Nor was Morgan Philips Price a revolutionary. In 1906 Price inherited a 2000-acre estate. A member of the Liberal Party, Price was prospective party candidate for Gloucester (1911-14) before the outbreak of the First World War, Price became a founder member of the Union of Democratic Control, the most important of all the anti-war organizations in Britain. This is why he was initially supportive of Lenin because he believed it would bring an end to the war. This is all recorded in his book, My Reminiscences of the Russian Revolution (1921).

Are you sure he was sacked by Scott. Price worked for the Daily Herald from 1919. This was a paper that supported the Labour Party (Price was now Labour Party, rather than the Liberal candidate in Gloucester). The evidence suggests that he was just as opposed to the communist dictatorship in the Soviet Union as other socialists were in the 1920s.


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I would add this: If Superman can pose as a newspaper reporter without condemnation, why not James Bond? If intelligence operations are necessary for a society, so is cover. Moreover, presumably a spook as a journalist is normally nothing but an intelligence-gatherer rather than a covert operator.

Edited by Tim Gratz
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I would add this: If Superman can pose as a newspaper reporter without condemnation, why not James Bond?


If you want to live in a democracy, you need reliable information: spook control of the press is the enemy of reliable, unmanipulated information.

If intelligence operations are necessary for a society, so is cover.

But are they? Is it really so self-evident that covert intelligence gathering produces better decision making than contested open sources? Iraq? The Falklands War? If MI6 was measured by results, it would no longer exist; and a number of its most senior figures would be in prison or unemployed.

Moreover, presumably a spook as a journalist is normally nothing but an intelligence-gatherer rather than a covert operator.

Big and, frankly, unjustified assumption: He - or she - could equally have played a role in the planting of a bomb, or the assassination of a politician adjudged disposable. It would be interesting to see a decent study, for example, of why Nkrumah expelled a bunch of British correspondents in the wake of an assassination attempt against him in 1962. Were they merely gathering intel, or active members of the assassination plot?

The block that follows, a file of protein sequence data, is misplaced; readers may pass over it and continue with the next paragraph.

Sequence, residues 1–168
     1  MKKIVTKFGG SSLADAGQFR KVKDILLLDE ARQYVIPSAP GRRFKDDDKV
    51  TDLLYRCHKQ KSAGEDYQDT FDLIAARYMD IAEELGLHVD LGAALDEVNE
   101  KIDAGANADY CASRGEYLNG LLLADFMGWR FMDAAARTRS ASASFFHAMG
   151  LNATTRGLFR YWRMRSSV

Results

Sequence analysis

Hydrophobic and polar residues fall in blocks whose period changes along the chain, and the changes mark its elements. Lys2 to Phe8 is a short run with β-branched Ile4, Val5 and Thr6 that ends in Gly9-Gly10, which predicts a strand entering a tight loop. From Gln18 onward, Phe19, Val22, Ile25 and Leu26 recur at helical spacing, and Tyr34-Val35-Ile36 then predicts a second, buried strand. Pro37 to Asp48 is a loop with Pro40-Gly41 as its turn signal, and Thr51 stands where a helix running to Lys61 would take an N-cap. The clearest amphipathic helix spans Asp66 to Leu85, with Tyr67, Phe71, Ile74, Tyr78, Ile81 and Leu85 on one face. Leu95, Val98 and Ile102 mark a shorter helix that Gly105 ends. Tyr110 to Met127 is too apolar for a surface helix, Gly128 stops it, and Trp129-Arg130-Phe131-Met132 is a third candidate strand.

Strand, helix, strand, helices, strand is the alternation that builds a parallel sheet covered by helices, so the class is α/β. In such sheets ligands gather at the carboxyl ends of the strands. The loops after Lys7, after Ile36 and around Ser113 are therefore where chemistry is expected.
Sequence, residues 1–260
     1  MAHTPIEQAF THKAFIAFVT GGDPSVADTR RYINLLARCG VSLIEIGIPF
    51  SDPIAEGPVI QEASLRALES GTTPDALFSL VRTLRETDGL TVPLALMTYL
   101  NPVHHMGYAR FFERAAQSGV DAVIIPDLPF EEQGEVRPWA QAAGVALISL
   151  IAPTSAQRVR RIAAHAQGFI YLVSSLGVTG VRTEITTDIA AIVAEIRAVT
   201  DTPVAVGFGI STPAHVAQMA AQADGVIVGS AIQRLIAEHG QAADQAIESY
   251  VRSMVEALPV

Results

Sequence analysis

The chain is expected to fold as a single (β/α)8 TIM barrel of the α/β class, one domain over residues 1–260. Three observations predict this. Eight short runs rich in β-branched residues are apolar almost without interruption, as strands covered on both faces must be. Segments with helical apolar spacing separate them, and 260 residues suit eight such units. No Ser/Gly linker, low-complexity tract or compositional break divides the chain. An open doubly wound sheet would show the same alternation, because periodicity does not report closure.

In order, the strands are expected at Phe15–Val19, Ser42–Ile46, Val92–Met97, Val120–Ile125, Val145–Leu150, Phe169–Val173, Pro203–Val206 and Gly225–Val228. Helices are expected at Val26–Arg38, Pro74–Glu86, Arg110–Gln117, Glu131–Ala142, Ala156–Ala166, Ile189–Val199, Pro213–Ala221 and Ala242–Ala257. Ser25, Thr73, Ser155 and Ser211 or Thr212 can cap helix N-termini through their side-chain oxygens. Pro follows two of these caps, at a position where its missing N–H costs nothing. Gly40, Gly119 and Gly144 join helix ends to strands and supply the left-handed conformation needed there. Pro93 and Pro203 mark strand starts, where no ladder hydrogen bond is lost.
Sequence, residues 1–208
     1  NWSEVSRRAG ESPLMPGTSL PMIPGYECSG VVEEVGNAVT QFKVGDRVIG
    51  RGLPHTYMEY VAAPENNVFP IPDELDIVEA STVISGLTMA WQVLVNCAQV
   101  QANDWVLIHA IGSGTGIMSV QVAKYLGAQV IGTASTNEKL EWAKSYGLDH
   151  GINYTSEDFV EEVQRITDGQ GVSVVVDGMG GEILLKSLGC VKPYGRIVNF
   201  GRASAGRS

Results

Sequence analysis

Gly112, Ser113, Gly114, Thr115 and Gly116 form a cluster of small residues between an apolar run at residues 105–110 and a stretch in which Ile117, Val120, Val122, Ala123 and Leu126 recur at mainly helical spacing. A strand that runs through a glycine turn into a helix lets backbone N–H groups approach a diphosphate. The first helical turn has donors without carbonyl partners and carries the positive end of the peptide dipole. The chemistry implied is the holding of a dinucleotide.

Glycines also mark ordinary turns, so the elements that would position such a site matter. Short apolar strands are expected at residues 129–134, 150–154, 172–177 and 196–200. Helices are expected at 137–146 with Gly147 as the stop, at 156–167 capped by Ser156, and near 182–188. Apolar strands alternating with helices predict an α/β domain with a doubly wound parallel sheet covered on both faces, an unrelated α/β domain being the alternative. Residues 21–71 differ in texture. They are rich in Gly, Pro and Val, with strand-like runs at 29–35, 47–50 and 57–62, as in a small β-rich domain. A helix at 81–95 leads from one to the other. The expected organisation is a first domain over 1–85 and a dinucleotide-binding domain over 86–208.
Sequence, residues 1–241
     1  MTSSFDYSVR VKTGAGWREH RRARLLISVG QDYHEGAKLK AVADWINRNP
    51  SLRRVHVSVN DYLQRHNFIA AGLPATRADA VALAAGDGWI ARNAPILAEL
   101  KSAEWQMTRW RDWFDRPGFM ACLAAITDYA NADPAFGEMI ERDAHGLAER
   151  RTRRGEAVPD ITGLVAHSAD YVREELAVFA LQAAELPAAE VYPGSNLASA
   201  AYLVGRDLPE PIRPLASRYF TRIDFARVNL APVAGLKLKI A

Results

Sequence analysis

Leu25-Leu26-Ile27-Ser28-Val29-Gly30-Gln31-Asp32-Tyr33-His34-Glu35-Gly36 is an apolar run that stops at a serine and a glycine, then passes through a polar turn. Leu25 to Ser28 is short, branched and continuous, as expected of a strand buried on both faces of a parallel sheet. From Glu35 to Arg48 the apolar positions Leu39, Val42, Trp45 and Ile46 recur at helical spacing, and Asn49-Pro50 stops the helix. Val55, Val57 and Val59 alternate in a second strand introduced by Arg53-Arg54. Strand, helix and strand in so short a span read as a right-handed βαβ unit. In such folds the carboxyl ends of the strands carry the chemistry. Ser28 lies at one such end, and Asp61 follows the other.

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Paul, thank you posting this. I will add a link to this thread from my page on C. P. Scott. Of course, C.P. Scott was a liberal and not a revolutionary. He campaigned against the Boer War and would have done the same with the First World War if it had not been for his close relationship with David Lloyd George, who had said he would resign from the government if war was declared.


This is to ignore the fact that by late 1916, when Lloyd George supplanted Asquith as PM, the former was little more than a front-man for the Round Table (aka the Rhodes-Milner group): “Betrayed in a backroom conspiracy of the Liberal Party, Asquith fell, and on December 7, 1916, David Lloyd George became Prime Minister. Exponents of the Round Table were forthwith raised to several high posts, and the master himself, Milner, was made into the chief strategist of the War Cabinet. Thereupon British troops were embarked for the Middle East to fight the Turks” (1).

And what of Scott and the Manchester Guardian, that brave, honourable paper which had rightly denounced Rhodes’ skulduggery in the Jamieson Raid (2), and, like Lloyd George, courageously opposed the British imperial attack on the agrarian Afrikaners (3)? Had it, too, become little more than a liberal mask for the Round Table?

Not according to Carroll Quigley, the American academic – and Round Table insider – who single-handedly raised the veil on the subject. According to Quigley’s magnum opus, Tragedy and Hope, the major press fronts for this ramified network were, in Britain, The Times; and, in the US, the New York Times, the Herald Tribune, Christian Monitor, The Washington Post and Boston Evening Transcript (4). Quigley’s failure to include the (Manchester) Guardian in his list of Round Table press properties, however, should not be seen as definitive. After all, Quigley remained an establishment loyalist – there is nothing critical, for example, on the Warren Report within Tragedy and Hope – and to have included the paper within the British section of his list might, just conceivably, have provoked a question or two about who – or what – financed the Guardian’s move to London in 1961, a bait first dangled by Round Tablers Lloyd George and Churchill in June 1916 (5).

Contemporaneous evidence, moreover, is conclusive: The Manchester Guardian was part of the Round Table stable of tame press outlets. This was only to be expected, given the context. In the first decade of the twentieth century, the burgeoning of Round Table power and influence made its presence felt in two classic, mutually reinforcing, ways of real power in the Anglosphere: censorship and the sack. Thus in the wake of Rhodes’ death in March 1902, a former MP, Herbert Paul, “who had weathered successive storms in Bouverie Street…was dismissed [from the Liberal Daily News – PR] for having written a vitriolic obituary of Cecil Rhodes.” Who sacked him? George Cadbury, a man not unknown to Scott (6). Real power also tends to be modest, going on reclusive, when it comes to publicity, and none too keen on accurate history, as the improbably named J. Saxon Mills discovered when he “was required to expunge from an article on King’s College, London, any reference to Milner, perhaps its most celebrated living undergraduate” (7).